Most memorable Juno moments

The 41st Annual Juno Awards were held Sunday night in Ottawa, honouring the best Canadian music released in the past year. Strong performances, a worthy induction, and a bumbling host made for some moments that are sure to be remembered for years to come.

Here are some highlights from the ceremony:

Shatner brings his special brand of comedy

When people first heard William Shatner would be hosting this year’s ceremony, it is likely they had one of two thoughts – this could go terribly wrong, or, this could be hilarious. Though his jokes suffered at the hand of poor writers who seemed to forget why we love Shatner, he still managed to get some laughs. His attempts to stalk Feist and join Nickelback and Hedley fell flat, but his rendition of classic Canadian songs like Bryan Adams “Summer of 69” and Rush’s “Tom Sawyer” were closer to his comfort zone. If you didn’t already know, the man does tour as a cover artist.

Dan Mangan’s acceptance speech

Vancouver singer-songwriter Dan Mangan had the acceptance speech of the night with his New Artist of the Year win, taking head on the criticism this category and its winners receive when they are already on their second or third album. When he said, “It doesn’t matter what you’re doing, it takes time to do anything that’s worth while,” and noted persistence, gratitude and optimism as the key to success, there was no doubt he deserved the honour.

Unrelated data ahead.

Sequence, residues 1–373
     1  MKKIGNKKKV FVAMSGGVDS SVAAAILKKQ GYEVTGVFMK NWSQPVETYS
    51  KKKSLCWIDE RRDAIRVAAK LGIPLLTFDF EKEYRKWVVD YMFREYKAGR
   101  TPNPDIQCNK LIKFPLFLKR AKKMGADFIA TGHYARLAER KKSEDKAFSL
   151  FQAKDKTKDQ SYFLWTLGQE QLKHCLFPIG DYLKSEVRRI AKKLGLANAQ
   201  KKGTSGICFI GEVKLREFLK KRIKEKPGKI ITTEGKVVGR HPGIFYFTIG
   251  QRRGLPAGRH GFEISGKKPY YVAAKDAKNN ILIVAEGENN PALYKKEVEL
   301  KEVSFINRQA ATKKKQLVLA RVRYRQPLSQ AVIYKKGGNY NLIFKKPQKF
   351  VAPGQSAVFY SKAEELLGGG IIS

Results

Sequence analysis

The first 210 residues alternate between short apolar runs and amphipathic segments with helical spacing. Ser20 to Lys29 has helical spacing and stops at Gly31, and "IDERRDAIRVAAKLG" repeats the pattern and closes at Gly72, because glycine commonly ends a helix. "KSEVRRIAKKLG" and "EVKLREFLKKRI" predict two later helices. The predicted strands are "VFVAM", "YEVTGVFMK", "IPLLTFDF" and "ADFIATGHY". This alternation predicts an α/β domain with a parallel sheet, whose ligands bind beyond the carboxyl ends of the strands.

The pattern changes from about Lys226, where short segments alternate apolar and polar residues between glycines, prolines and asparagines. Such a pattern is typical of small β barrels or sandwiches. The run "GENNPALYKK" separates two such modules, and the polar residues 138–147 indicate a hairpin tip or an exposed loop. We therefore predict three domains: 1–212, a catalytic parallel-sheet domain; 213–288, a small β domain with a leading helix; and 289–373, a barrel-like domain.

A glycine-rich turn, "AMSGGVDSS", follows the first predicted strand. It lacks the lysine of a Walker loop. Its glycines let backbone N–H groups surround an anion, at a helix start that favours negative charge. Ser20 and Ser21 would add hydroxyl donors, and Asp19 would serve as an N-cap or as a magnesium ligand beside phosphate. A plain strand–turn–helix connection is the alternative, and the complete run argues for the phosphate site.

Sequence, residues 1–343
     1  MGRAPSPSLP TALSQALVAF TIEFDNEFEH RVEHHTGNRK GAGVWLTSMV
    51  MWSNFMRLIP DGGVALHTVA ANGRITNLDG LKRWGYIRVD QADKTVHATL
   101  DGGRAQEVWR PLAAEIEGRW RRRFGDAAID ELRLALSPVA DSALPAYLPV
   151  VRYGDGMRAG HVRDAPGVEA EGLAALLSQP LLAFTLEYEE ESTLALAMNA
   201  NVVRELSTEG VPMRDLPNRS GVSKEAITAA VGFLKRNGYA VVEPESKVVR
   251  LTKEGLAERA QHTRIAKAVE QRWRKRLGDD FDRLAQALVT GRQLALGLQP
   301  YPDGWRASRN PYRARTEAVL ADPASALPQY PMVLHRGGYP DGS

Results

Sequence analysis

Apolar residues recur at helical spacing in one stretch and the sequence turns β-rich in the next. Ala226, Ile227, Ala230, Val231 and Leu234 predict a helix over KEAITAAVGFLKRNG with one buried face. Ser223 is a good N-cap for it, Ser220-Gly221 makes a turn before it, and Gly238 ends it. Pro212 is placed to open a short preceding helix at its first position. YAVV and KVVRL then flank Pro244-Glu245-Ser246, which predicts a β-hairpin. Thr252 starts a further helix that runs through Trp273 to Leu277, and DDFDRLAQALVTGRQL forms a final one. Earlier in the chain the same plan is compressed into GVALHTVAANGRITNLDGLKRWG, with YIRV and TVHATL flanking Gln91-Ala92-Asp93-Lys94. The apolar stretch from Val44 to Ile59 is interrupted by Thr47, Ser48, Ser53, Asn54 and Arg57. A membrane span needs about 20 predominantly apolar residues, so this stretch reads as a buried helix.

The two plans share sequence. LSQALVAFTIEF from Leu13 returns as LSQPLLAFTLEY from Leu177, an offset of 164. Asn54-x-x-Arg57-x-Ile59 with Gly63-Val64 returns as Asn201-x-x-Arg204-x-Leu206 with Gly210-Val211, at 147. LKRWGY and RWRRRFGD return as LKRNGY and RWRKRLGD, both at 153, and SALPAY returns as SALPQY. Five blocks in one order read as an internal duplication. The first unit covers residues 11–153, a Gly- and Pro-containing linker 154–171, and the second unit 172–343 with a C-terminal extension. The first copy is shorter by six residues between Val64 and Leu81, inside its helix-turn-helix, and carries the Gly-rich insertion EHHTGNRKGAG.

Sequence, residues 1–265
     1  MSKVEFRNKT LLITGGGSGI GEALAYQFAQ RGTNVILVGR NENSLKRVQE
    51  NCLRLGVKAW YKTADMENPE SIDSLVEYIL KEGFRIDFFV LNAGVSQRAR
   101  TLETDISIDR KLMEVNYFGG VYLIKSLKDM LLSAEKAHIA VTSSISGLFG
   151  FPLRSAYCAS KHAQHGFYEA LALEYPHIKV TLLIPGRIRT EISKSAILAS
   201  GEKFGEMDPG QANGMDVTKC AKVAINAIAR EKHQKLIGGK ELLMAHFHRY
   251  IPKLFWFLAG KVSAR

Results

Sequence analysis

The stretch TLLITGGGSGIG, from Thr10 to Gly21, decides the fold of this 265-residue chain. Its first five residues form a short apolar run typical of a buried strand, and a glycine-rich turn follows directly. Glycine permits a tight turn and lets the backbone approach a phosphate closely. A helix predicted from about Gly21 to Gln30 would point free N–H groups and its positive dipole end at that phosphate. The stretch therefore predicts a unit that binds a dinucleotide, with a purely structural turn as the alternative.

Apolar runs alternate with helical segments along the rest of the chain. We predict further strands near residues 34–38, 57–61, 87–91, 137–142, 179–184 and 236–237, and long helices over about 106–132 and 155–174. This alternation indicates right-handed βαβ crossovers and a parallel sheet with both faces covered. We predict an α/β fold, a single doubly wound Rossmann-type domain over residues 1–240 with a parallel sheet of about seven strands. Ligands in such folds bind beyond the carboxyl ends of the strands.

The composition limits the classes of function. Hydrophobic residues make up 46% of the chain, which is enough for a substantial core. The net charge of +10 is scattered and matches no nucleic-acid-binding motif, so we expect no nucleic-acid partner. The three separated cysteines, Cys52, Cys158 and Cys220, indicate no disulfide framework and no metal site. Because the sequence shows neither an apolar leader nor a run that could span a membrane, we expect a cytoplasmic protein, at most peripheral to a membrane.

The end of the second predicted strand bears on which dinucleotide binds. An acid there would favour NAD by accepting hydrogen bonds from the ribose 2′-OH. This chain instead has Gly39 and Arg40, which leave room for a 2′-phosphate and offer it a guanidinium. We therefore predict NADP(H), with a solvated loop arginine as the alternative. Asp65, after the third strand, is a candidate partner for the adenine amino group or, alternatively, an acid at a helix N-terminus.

Award ceremonies have an odd tradition of recognizing “new” artists when they are no longer really new, but that doesn’t make the winners any less worthy. It takes time to build recognition on a national level, and it is important that genuine artists like Dan Mangan – who is not on the largest label in the country- win this award, rather than a lesser artist on a larger label with the big money available to market a first release.

Feist wins Artist of the Year

Looking stunning in a perfectly fitted red belted dress, Feist humbly received the award for Artist of the Year, appearing to be in great shock and disbelief. The songstress reached international success with her last album The Reminder, so seeing her still so grounded and honoured to win the award was a big highlight of the night. Her performance of “The Bad In Each Other” from her Adult Alternative album winner Metals was also one of the best performances of the night.

An album of Christmas covers wins Album of the Year

A big surprise came when Michael Buble’s Christmas covers album won what is easily seen as the most important category of these awards – Album of the Year. Nominations in this category go by record sales, so the lack of anything truly special being nominated was no surprise, but the music industry around Canada shared a collective sigh at the fact that original music didn’t even take home the award.

Bieber, Sheepdogs and Buble accept awards via pre-recorded video

Another notable moment was the lack of winners in attendance at this year’s ceremony. Three big winners – Justin Beiber for Juno Fan Choice Award, The Sheepdogs for Single of the Year, and Michael Buble for Album of the Year – sent in quick pre-recorded videos accepting their awards. There is something to be said when half the winners of these awards don’t even care enough to show up at the ceremony. Of course, touring and other duties do get in the way, but it is nice to see Canadian artists take the time to come home when they are being celebrated in the country that originated their success.